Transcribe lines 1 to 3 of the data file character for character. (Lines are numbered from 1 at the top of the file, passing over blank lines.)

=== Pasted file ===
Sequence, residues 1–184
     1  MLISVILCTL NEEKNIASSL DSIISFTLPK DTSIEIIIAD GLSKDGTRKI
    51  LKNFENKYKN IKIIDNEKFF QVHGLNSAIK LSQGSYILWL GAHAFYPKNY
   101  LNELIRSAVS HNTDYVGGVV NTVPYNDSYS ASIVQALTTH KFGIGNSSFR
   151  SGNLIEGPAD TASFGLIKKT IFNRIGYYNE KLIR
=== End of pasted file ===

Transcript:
Sequence, residues 1–184
     1  MLISVILCTL NEEKNIASSL DSIISFTLPK DTSIEIIIAD GLSKDGTRKI
    51  LKNFENKYKN IKIIDNEKFF QVHGLNSAIK LSQGSYILWL GAHAFYPKNY